To maximise profits and efficiency within this growing portion of the market, make sure that all website pages load correctly on a mobile device, with mobile-friendly content that includes less text, well-arranged images, and simple navigation. When implementing a mobile site, you need to configure elements like brand name, search bar, and topic names so that they are displayed neatly and visibly.

4. Failing to Use on the Most Expensive Keywords

It’s crucial to evaluate keyword types and matching options. Some keywords naturally generate very high volumes of traffic. The greater the level of interest, the higher the CPC bids are driven up and the more expensive the keywords become. Some notable examples include highly sought-after terms like Ugg boots, all-inclusive holidays, and Beats headphones.

Previously, businesses could bid on these high-value keywords using an exact match. Working Google’s search algorithms to your advantage in this way ensured that your budget wasn’t stretched too far and your ads became visible to those most likely to click through and buy.

However, Google has now replaced exact match with close variants, meaning you’ll find yourself bidding on a wider range of keywords that are similar but not necessarily an exact match.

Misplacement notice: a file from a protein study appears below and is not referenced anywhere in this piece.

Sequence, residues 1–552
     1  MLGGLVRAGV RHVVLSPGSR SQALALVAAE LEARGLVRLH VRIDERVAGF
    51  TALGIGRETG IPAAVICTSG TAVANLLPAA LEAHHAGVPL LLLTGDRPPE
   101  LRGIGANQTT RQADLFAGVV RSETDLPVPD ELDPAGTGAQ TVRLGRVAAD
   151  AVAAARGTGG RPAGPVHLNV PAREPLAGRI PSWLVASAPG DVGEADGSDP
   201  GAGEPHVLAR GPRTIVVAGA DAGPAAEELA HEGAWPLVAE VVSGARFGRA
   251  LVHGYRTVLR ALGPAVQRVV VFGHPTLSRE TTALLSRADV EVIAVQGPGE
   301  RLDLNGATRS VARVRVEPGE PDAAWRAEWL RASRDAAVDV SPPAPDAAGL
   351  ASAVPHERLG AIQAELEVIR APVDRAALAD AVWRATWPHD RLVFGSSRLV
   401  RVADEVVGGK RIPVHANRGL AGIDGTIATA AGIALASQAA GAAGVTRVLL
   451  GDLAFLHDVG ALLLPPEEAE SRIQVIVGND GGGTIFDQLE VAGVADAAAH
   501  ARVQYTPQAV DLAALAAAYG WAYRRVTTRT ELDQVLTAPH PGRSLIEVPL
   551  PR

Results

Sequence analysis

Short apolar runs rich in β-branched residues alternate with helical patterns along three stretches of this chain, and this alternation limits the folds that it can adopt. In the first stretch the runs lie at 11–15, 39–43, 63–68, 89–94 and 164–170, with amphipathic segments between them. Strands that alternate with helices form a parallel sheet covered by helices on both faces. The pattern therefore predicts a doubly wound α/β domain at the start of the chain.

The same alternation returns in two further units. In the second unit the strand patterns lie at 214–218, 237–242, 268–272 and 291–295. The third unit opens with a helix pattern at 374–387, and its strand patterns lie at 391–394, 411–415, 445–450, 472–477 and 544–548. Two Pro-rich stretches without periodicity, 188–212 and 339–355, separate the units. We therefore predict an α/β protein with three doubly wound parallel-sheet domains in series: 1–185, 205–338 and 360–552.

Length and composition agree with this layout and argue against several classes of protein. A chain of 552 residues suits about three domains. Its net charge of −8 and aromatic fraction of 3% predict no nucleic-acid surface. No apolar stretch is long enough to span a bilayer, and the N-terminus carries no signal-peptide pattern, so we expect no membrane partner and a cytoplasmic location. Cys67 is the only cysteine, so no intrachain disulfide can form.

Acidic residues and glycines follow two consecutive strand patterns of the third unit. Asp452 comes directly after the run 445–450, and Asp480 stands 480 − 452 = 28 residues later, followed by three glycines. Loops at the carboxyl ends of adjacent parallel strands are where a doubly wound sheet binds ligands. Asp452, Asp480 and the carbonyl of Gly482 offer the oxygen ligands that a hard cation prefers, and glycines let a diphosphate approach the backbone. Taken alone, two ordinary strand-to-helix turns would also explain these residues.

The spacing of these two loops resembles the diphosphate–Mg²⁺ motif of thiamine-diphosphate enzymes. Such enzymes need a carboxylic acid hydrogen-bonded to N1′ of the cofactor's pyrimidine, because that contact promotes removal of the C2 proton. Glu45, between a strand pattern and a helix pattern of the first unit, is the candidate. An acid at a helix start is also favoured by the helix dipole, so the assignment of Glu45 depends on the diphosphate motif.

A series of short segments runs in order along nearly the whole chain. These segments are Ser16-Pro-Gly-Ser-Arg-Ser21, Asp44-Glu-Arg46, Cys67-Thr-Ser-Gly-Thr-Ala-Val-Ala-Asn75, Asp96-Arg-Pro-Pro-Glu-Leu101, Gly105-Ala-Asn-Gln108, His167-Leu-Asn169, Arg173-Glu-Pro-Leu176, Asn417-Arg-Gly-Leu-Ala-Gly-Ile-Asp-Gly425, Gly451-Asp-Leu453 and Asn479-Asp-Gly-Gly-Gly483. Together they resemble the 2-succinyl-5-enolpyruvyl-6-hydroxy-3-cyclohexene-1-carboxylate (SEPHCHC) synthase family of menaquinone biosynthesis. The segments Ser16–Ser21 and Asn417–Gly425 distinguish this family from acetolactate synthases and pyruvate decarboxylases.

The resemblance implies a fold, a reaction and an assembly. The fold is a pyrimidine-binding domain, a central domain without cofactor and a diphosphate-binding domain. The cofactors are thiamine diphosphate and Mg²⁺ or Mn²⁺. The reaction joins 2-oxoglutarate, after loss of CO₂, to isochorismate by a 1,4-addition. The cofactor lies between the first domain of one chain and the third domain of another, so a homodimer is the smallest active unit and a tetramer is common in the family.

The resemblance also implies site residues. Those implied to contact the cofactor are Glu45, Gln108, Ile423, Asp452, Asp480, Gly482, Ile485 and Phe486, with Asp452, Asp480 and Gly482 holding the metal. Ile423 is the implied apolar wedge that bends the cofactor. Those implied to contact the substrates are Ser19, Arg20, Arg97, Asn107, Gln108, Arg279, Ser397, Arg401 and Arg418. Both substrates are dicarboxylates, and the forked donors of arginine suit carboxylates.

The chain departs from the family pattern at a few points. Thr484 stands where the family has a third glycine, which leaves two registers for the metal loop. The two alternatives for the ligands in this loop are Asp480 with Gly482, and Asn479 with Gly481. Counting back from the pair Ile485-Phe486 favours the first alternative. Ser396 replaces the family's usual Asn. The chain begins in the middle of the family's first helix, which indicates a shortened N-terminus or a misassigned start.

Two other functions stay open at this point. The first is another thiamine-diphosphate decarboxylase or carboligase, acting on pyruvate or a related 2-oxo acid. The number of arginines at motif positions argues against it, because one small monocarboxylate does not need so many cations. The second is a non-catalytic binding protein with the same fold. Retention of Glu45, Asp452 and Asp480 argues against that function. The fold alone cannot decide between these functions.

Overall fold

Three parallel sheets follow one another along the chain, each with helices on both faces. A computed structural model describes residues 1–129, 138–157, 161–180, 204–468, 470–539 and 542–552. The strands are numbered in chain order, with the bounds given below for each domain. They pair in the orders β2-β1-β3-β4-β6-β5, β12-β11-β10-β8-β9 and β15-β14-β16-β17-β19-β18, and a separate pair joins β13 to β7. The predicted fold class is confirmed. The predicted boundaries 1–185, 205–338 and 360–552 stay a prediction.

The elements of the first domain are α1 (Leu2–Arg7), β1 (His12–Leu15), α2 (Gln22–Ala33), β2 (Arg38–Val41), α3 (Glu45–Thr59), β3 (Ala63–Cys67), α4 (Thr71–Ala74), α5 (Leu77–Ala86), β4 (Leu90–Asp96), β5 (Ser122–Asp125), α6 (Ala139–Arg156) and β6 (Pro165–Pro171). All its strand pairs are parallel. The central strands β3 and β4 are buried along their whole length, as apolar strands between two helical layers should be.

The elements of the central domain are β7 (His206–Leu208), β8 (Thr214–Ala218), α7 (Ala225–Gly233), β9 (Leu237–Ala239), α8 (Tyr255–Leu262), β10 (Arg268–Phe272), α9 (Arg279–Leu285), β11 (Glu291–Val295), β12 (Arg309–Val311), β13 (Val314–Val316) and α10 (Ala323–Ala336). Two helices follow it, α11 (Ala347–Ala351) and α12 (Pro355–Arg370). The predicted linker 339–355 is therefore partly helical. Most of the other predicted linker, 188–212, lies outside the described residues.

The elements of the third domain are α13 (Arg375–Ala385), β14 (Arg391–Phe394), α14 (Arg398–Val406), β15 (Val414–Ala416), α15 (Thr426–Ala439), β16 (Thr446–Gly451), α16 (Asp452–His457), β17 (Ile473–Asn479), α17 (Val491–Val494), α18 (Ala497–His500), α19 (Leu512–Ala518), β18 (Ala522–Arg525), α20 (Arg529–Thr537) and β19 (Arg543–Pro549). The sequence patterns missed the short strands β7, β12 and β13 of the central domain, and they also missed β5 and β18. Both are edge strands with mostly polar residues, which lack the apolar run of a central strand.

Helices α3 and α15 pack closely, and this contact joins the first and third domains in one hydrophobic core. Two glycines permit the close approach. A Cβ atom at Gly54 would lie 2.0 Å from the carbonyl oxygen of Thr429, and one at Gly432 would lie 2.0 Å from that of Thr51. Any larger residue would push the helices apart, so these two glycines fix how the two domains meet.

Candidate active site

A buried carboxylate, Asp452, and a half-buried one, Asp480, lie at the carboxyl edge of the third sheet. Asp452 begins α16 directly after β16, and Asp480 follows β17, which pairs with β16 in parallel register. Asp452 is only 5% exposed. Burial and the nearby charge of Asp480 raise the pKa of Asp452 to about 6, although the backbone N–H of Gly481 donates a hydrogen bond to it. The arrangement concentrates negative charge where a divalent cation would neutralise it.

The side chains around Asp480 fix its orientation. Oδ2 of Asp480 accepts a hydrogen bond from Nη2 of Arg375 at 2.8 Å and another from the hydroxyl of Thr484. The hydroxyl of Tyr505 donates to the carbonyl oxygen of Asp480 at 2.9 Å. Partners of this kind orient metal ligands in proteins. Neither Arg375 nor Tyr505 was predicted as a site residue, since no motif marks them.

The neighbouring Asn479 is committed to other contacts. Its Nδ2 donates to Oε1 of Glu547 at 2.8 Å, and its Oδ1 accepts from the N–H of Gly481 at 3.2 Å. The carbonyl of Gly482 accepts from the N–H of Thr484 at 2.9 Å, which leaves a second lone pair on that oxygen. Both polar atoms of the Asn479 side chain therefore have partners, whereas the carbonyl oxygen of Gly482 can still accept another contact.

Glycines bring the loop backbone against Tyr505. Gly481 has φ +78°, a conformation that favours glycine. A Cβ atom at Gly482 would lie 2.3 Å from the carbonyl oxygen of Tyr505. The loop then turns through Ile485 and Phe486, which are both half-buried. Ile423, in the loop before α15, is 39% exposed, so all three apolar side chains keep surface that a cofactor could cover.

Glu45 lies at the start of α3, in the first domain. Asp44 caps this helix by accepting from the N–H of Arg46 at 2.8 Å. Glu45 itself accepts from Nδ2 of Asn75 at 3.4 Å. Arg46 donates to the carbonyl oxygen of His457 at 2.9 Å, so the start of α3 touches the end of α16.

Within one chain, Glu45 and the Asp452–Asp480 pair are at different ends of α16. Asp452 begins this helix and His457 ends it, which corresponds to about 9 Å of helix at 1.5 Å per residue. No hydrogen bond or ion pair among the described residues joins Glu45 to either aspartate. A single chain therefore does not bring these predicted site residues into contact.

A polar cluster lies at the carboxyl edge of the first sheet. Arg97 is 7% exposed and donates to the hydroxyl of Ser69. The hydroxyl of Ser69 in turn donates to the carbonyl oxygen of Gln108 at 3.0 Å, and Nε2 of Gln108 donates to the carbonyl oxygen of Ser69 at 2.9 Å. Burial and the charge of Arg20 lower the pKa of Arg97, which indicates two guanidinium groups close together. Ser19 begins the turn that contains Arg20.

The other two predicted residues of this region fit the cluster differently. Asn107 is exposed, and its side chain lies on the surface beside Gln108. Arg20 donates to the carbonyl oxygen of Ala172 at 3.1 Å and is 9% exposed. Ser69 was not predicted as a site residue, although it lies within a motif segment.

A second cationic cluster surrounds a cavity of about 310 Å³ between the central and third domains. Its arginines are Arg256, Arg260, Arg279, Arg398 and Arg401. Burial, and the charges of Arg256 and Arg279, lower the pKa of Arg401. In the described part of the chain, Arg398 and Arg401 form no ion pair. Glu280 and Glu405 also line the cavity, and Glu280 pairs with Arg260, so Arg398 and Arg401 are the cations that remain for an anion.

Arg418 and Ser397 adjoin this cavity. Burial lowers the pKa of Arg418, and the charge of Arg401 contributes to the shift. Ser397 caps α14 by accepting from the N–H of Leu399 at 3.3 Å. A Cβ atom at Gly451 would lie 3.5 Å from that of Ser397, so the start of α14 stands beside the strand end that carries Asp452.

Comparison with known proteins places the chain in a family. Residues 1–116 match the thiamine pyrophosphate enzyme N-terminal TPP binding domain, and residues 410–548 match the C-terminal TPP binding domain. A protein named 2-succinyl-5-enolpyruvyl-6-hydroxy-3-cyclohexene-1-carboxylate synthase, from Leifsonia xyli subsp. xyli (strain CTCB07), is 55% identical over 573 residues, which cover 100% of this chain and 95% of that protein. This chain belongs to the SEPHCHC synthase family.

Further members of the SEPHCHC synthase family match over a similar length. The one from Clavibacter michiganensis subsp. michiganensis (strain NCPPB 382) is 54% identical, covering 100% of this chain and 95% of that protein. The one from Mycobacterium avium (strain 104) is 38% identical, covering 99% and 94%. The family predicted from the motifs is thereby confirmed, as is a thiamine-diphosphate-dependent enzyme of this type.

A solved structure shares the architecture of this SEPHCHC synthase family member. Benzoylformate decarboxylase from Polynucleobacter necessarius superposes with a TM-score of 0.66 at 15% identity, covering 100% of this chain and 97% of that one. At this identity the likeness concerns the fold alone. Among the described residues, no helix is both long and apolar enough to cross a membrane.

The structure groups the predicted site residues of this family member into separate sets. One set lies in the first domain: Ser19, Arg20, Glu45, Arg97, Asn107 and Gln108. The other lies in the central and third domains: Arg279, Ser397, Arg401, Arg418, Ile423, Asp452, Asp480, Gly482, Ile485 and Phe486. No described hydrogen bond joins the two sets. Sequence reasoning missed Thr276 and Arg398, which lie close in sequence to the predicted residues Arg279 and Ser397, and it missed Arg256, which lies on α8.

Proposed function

5. Leaving Out Important Negative Keywords

As explored in a previous post, negative keywords can be just as important as positive ones when it comes to attracting and keeping the right customers.

Negative keywords are the words that you don’t want to pull up your ads. If, for example, your ad was for a print calendar featuring steam trains, you wouldn’t want search terms such as online calendar, printable calendar, or model steam train to bring up your ad – remember, when a searcher clicks on an irrelevant ad, the advertiser pays.

These useless terms should therefore be added to your frequently updated list of negative keywords.

While using Google Keyword Planner represents one of the easiest ways to manage your positive and negative keywords, competitive intelligence tools like Adthena have proven more effective and comprehensive in providing crucial insight into the keyword trends your competitors apply.

6. Avoiding the Automated Rules

As the name suggests, automated rules allow you to set algorithms and make changes to your account automatically. Moreover, the rules save you the time of manually adjusting settings like maximum CPC bids according to the busiest shopping times, or even landing pages based on promotions or new products.